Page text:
Of its many uses, boric acid is most widely known as a remedy to vaginal problems, most especially bacterial vaginosis (BV). But how does it work? This article will guide you through the science behind it and solve your questions along the way, like how long to use boric acid for BV?

What is Bacterial Vaginosis (BV)?

Bacterial vaginosis is a common kind of vaginal inflammation caused by the spread of bacteria that are naturally found in the vagina, which upsets the natural balance of good bacteria (lactobacilli). BV can happen to women of any age, but those in their reproductive years are more likely to get it at some point. 

What Causes Bacterial Vaginosis?

BV happens due to the Gardnerella vaginalis, the most common type of bacteria in your vagina. Anything that alters the chemistry of your vagina’s pH balance can disrupt bacteria levels and eventually lead to infection.

Some of these include:

  • Having multiple sexual partners – The condition happens more often in women with multiple sexual partners. It also occurs more frequently in women who have sex with women.
  • Douching – Rinsing out your vagina with water or a cleansing agent (douching) can sometimes do more harm, and it can upset the vagina’s natural balance.
  • Lack of lactobacilli bacteria – Women are more likely to develop bacterial vaginosis when their natural vaginal environment doesn’t produce enough of the good lactobacilli bacteria.

➡️ Can BV Cause Cramping And Bloating?

Bacterial Vaginosis and Boric Acid – How Long Does Treatment Last?

Boric acid is a natural chemical used for its antifungal properties for over a century in many different home remedies for a variety of necessities, especially with vaginal problems like bacterial vaginosis, where boric acid is ingested as a vaginal suppository. 

How long does the treatment normally last? Boric acid treatment for bacterial vaginosis usually depends on the length of time your physician might prescribe you to use them. However, the common prescription is to use one suppository (600mg) once per day and for a period of between 7 to 14 days. You should not exceed 3 weeks of usage.

How Long Should You Use Boric Acid For BV?

Insert one 600mg capsule at night for a period of 7-14 days. You should not use boric acid suppositories for more than 21 days.

*If vaginal irritation develops, it’s ok to try inserting boric acid every other night rather than nightly.

How Effective Is Boric Acid Against BV?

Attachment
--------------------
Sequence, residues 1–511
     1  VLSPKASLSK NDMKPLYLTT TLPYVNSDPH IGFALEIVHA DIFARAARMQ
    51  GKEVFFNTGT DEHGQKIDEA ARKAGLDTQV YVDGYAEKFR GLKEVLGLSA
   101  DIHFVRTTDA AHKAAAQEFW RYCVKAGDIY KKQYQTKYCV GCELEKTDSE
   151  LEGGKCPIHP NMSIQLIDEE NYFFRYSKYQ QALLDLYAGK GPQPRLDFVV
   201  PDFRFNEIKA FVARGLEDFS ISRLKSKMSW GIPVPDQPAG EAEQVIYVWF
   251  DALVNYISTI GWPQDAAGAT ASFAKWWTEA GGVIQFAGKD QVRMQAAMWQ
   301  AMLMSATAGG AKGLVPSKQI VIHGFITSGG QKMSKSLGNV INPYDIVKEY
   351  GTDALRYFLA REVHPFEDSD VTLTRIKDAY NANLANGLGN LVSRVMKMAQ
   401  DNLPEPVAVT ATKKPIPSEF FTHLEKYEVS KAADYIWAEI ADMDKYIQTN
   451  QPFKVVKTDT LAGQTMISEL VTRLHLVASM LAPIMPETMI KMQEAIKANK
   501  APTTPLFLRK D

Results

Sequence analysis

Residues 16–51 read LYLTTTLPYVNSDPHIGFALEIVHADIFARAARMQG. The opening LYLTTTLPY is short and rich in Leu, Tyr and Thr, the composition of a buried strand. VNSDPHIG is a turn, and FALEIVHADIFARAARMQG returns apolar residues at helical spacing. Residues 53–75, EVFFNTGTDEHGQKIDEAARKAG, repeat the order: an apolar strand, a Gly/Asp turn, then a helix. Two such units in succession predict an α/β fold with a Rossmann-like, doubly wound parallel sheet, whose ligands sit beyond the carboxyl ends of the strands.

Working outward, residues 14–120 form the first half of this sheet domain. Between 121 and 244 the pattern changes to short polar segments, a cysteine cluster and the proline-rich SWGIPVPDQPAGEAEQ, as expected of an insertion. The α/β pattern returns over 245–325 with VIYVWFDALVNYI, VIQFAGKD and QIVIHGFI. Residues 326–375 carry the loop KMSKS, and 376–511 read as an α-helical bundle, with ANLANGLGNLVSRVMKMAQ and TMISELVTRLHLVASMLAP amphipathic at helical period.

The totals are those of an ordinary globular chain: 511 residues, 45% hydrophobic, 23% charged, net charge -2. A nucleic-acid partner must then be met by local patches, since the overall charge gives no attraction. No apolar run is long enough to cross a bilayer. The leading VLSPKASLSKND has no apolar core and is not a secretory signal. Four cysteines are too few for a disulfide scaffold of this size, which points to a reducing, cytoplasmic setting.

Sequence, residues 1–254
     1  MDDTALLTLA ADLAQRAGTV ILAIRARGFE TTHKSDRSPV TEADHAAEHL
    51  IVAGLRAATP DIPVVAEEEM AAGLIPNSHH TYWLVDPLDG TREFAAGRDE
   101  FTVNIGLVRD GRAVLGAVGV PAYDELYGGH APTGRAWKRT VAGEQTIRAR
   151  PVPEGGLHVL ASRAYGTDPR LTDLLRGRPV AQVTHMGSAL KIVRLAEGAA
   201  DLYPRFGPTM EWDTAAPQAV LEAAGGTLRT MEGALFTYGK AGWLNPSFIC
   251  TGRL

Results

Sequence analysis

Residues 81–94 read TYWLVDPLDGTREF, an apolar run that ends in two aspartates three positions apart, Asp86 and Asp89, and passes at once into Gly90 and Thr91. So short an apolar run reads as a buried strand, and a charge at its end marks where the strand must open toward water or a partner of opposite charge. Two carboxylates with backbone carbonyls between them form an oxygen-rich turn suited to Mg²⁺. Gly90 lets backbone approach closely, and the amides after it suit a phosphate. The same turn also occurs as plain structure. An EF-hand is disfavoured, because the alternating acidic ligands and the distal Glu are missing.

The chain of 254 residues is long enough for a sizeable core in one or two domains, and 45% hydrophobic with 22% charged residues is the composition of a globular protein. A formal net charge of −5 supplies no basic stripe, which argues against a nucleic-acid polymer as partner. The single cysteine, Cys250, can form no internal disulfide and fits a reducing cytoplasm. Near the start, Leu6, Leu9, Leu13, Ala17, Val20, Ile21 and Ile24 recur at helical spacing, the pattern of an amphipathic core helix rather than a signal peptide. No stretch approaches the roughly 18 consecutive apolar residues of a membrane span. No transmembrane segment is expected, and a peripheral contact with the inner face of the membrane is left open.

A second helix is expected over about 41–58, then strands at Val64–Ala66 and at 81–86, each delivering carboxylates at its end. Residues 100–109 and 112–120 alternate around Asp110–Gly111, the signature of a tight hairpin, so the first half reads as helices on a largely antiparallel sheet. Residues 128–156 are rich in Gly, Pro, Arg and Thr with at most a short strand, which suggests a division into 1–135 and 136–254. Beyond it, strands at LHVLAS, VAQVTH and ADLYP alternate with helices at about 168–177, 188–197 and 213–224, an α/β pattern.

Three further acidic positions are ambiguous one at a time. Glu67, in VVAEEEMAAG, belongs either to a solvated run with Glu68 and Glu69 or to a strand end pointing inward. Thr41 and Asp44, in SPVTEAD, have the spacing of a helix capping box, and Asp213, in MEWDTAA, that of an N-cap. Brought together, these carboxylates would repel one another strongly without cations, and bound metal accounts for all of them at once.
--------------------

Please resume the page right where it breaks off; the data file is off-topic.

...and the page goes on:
Various studies have attested to the efficacy of boric acid [suppositories] in treating bacterial vaginosis and other similar conditions. One such research found that boric acid was 50% effective in relieving the symptoms among those with recurrent BV. Up to 92% of women who used it with their standard antibiotic treatments reported the pairing to be highly effective.

Multiple studies have also tried to establish the effectiveness of combining boric acid treatments with probiotics, saying that it could successfully rebalance the healthy bacteria of the vagina. However, further research is needed to establish this claim fully.

In itself, boric acid, however, should not replace antibiotics as the principal treatment for eliminating bacterial vaginosis.

Is Boric Acid Safe?

When taking boric acid suppositories, it’s important to follow the doctor’s instructions religiously and go with the entire treatment to achieve its maximum benefits.

While boric acid is generally safe for use, boric acid can be highly toxic when taken orally or in high amounts, so it’s important to ingest them as prescribed and should be kept away from children and pets at all times. If you’re pregnant, your doctor would suggest you to avoid boric acid suppositories entirely in lieu of a more suitable form of treatment.

Final Thoughts

Taking boric acid as preventive care for bacterial vaginosis is safe, effective, and highly affordable, making it a popular prescription for women suffering from it. When paired with a consistent intake of antibiotics, a healthy diet, and regular check-ups, the easier the road to recovery would be.

If you have BV or suspect that you might have one, consult with your doctor immediately to discuss your BV treatment options so you can settle for one that will suit your health needs and lifestyle better.

Disclaimer: this article does not constitute or replace medical advice. If you have an emergency or a serious medical question, please contact a medical professional or call 911 immediately. To see our full medical disclaimer, visit our Terms of Use page.

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